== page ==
On Christmas Eve, it’s all about the fishes. And on Christmas Day, it’s all about the sausages. At least that’s the drill at the home of Andrea Ceriello.
The owner of Ceriello’s Fine Foods in Williston Park (with branches in Manhattan, New Jersey and Baltimore) was raised outside Naples. But back in the day, working at the original Brooklyn A&S Pork Store alongside other Southern Italians, he learned about the distinctly non-piscatory Sicilian yuletide practice. “Christmas Eve was one of the busiest days of the year,” he said. “All the Sicilians came in and bought sausage. They’d have their fish, go to church, come home and at 12:01 they’d start in on the sausages.”
Luckily, he’s got access to some very lovely links. At Licini Brothers, a traditional, family-owned salsicceria (sausage factory) in Union City, New Jersey, sausages are made to his own rigorous specifications using whole muscles — shoulders, bellies — and not scraps. “Look at the sausage in cross section,” he said, “you don’t want an even color.” With the whole muscles you get the clean pink-and-white pattern of a terrazzo floor.
Licini’s sweet sopressata is nothing more than pork, salt and pepper. For the hot sopressata, the mixture is spiced with cayenne and paprika (for even dispersion) and a few hot pepper flakes for the odd blast of heat. Finocchiona is a suave Tuscan sausage that’s brightened with ground fennel seed, “for a fresher taste.”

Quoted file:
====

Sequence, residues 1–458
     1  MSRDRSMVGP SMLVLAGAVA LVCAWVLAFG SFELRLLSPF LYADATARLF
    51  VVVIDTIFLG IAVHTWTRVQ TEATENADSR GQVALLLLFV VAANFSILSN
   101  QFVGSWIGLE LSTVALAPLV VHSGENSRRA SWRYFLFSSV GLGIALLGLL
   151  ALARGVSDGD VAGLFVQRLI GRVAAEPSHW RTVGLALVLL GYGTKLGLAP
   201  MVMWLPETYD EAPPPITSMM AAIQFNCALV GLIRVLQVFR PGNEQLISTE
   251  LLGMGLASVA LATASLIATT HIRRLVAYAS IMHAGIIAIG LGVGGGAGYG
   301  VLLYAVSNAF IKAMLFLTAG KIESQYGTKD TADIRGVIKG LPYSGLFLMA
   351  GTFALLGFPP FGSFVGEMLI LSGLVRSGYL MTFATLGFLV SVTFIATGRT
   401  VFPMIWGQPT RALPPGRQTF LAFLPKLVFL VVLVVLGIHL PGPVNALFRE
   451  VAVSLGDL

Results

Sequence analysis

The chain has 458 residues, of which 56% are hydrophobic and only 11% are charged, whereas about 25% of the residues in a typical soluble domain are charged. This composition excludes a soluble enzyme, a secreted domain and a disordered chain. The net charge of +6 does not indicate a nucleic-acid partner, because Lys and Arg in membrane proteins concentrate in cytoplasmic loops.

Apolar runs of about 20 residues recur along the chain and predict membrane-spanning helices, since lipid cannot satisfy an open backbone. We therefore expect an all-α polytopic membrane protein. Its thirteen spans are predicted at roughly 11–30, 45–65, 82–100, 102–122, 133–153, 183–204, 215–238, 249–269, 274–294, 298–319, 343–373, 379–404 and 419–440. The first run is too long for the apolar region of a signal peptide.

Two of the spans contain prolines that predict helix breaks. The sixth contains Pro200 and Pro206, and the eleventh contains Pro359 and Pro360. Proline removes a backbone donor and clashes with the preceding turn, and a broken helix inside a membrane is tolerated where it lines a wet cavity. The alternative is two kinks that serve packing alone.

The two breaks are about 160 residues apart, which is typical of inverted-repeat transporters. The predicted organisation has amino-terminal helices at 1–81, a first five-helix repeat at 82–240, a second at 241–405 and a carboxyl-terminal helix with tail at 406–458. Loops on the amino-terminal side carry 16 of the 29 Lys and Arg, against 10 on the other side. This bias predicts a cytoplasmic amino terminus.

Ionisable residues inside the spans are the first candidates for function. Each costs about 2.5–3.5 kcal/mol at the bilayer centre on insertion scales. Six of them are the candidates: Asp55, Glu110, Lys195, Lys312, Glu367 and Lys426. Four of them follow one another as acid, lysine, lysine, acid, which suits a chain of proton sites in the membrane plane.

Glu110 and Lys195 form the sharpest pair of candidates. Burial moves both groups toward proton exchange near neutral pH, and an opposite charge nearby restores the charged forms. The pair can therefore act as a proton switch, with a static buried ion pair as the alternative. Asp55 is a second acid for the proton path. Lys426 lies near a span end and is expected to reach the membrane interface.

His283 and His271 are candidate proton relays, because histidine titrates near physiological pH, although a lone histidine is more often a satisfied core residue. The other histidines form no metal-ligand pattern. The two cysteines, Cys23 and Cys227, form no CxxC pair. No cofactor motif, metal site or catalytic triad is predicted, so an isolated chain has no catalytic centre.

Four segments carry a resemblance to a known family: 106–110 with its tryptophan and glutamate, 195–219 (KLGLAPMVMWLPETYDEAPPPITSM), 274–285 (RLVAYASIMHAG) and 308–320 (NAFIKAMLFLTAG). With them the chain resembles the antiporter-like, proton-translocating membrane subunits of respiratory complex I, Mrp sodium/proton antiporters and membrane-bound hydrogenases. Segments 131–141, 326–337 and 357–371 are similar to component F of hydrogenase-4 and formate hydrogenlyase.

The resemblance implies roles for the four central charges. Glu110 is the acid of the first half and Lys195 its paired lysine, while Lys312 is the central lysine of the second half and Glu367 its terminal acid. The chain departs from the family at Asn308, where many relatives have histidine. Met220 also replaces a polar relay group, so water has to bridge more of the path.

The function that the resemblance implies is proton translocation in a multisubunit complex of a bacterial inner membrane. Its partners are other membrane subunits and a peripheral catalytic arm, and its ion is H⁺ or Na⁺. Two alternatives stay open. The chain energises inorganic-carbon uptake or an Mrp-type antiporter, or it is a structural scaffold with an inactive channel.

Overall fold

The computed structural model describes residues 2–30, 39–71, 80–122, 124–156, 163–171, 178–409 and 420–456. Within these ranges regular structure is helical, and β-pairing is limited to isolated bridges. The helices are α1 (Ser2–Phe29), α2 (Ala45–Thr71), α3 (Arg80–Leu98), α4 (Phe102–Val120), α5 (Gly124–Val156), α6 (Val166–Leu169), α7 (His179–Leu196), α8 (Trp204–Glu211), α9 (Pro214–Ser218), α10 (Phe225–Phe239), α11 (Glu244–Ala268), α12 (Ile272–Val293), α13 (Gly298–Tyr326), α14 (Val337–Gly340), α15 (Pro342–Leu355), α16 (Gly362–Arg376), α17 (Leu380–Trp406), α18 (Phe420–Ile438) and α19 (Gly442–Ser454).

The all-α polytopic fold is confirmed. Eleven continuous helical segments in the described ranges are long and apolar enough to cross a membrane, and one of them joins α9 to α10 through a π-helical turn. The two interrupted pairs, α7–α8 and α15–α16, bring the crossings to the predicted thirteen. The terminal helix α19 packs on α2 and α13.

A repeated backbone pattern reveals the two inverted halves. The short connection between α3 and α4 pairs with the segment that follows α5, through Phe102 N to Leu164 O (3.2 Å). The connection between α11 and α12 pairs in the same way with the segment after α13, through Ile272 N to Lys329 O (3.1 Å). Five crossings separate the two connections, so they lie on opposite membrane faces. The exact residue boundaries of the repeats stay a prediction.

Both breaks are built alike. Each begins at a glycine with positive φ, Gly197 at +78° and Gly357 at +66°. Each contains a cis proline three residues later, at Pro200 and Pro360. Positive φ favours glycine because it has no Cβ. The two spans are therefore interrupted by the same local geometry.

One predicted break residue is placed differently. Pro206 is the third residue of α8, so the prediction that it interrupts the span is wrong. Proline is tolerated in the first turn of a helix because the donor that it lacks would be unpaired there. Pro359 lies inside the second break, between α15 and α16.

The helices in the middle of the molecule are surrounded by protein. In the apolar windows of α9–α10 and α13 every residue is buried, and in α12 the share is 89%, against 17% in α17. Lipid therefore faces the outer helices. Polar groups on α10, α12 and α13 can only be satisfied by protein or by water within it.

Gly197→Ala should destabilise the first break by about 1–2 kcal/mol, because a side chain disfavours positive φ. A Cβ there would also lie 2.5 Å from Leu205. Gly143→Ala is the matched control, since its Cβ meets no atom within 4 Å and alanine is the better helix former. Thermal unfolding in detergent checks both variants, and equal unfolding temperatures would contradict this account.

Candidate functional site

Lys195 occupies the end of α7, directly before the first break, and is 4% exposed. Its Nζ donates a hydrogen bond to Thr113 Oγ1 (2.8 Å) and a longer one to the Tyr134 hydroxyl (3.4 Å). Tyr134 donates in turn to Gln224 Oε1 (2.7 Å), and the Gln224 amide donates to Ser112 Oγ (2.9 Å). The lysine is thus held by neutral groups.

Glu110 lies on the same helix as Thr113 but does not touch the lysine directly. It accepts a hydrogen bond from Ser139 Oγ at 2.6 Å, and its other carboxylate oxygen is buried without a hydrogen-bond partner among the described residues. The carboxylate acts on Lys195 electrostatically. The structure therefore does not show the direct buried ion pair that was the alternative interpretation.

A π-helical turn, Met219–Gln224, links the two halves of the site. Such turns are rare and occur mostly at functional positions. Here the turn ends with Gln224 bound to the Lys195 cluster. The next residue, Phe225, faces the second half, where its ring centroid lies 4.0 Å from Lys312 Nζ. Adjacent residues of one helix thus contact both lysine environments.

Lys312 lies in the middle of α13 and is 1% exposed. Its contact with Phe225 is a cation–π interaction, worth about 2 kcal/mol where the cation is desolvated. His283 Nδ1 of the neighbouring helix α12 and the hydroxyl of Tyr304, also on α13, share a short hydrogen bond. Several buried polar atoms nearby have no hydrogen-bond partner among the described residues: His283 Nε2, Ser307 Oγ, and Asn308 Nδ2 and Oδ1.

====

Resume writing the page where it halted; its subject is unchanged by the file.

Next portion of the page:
The cacciatorini, packed in pairs, are aptly named. “Little hunters” refers to their origin as meaty snacks small enough to fit in a hunter’s pocket. “There’s a little wine in the recipe,” Ceriello said, and the grind is finer so that they are more tender — you can hold one in your hand and just bite off a piece.”
Licini also makes a fine salomini, a mild, fresh sausage called cotecchino in Italy. Poached with lentils, it is a traditional New Year’s dish. And this year, Ceriello is debuting salami cotto (cooked salami), which is milder and softer than regular, cured salami. “It’s like a little mortadella.”
So much for eating sausage. For cooks who want to work that porky goodness into their sauces, there’s pancetta — cured, unsmoked bacon that Licini makes from “skinny bellies, so it has more meat, less fat.” If it’s the fat you desire, head straight for the guanciale, the cured pork jowl that is the sine qua non of spaghetti carbonara.
Ceriello Fine Foods is at 541 Willis Ave., Williston Park, 516-747-0277, ceriellofinefoods.com